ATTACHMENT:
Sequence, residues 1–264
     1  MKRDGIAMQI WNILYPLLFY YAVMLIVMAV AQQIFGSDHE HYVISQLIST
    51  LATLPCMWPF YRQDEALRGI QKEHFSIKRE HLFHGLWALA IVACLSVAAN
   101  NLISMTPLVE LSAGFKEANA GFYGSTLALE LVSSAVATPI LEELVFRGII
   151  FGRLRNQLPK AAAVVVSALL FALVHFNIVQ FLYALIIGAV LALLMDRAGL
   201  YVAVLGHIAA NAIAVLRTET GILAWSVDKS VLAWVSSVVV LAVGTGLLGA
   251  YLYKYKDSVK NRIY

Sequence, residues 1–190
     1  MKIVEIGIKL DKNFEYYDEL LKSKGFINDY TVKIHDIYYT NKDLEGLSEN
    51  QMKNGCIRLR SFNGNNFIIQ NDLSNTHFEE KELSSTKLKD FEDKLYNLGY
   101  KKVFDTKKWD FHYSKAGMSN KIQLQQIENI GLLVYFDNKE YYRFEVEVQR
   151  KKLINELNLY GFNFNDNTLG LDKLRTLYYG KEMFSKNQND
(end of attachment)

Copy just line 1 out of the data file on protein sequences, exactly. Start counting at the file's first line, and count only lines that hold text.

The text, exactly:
Sequence, residues 1–264